Google ‘surf exploration‘ and you’ll be offered a plethora of inspiration to get you out of your seat and into a world where the effort is the adventure, and the reward is the waves. Whether you feel like searching Sumatra in a charter boat, Ireland in a catamaran or Iceland in a blizzard, surf exploration is in abundance and if your time is more precious than your bank balance, any number of adventures can be arranged for you. With a little bit of help, you can go off the radar, discover new waves and tame un-ridden spots, all within the half-term holidays. With a little bit of help, you can be a surf explorer.
Of course, there was a time when all surfers felt like they were explorers anyway. When Bruce Brown’s seminal surf film Endless Summer was screened in cinemas around England in 1967-68, it inspired a whole generation of British surfers to strap the boards on their cars and search for new waves. A few managed to take the dream further by voyaging overseas and surfing warm water paradises, but for many, the unexplored coastline of England held enough potential treasures to satisfy any wave hunter’s quest. This exciting era in British surfing is being celebrated in the new exhibition ‘Sixties Surfer!‘ at the Museum of British Surfing this year, so we asked the museum’s founder, Pete Robinson, to take us back in time this issue, to the true age of discovery (p38).
“Sometimes, the voyage of surfing discovery can lead to somewhere much darker than endless point breaks though”
These days, you might think you’d have to travel a long way to find new waves or truly get a sense of ‘the search‘, but there are plenty of people who are keeping the spirit of adventure alive. Take Naomi Wilcock and Matt Bailey, a couple who, since they caught the bug for surfing, have spent almost every weekend in their converted van, sleeping at beaches so they can fill as much of their spare time as possible with surfing (p34).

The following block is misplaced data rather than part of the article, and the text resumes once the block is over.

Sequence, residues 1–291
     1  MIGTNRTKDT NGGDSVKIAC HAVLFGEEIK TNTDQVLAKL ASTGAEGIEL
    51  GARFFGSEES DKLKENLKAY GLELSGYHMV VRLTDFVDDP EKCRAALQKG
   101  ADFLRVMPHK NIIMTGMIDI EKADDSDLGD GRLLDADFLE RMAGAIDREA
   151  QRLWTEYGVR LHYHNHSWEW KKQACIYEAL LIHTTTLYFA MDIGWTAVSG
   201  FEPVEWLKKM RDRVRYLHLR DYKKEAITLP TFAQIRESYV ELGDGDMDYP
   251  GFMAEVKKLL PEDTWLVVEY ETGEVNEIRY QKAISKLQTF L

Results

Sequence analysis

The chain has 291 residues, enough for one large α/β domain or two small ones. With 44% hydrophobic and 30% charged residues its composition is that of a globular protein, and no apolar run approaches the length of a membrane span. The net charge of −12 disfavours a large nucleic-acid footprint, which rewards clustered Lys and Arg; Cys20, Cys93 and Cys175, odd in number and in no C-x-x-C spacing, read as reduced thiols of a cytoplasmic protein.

And following a huge session in Ireland with a crowd of pros, photographers and onlookers, Ollie O’Flaherty jumped in a van with two friends and went off in search of a mythical right-hand point break (p44). Sometimes, the voyage of surfing discovery can lead to somewhere much darker than endless point breaks though. For James Vybiral, it was the realisation that he was not cut out to be the big wave water photographer that he had dreamt of, as he got smashed into the reef during his South American adventure (p50). For Nick Roddy, it was his last glimpse of a perfect wave as he was taken at gunpoint into the jungles of Nigeria (p28). And for Shaun Wallbank and his crew, who pushed themselves over the edge of a rare, unforgiving slab in Tasmania, it was the moment that they brushed with death, when they discovered their clearest thoughts. The shot from that session on page 56 is without doubt, one of the most nightmare-inducing surf photos I’ve ever seen.
That, though, is the point of surf exploration; it is a very personal journey. One person’s perfection is another person’s worst nightmare, and someone’s discovery is another person’s secret spot. So whether you are contemplating that surf trip to a country you’ve never been, or just thinking of hiking around the corner from your local beach to see what’s there. Whether your preferred search engine is Google Maps or your rusty Citroen AX, the same is true today as it was in 1968 — you’ll never know, unless you go.
Editor (and on a mission)